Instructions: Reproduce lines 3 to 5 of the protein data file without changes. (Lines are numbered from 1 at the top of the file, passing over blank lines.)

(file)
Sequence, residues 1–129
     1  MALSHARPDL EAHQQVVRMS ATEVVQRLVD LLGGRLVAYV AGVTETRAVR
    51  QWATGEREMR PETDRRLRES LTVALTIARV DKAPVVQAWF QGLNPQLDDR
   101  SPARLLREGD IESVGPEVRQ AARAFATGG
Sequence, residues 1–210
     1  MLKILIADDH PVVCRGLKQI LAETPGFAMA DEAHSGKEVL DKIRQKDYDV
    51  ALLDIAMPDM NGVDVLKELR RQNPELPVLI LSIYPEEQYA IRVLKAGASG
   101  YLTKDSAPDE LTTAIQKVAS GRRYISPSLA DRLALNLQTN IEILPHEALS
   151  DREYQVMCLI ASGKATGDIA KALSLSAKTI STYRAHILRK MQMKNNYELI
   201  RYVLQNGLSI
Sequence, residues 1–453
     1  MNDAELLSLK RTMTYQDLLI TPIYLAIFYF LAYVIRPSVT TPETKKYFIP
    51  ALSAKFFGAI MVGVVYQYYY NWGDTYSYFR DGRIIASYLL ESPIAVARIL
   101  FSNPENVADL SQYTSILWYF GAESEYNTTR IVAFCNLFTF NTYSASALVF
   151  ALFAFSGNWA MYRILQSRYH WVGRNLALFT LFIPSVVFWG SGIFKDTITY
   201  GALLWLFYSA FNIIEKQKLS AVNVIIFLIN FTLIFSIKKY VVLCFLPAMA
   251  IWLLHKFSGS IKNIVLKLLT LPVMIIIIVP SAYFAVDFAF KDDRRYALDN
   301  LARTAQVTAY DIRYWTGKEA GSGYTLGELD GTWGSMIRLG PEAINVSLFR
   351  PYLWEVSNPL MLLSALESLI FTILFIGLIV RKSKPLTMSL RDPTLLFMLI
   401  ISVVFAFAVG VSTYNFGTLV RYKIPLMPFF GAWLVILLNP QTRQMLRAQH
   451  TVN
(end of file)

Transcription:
    51  QWATGEREMR PETDRRLRES LTVALTIARV DKAPVVQAWF QGLNPQLDDR
   101  SPARLLREGD IESVGPEVRQ AARAFATGG
Sequence, residues 1–210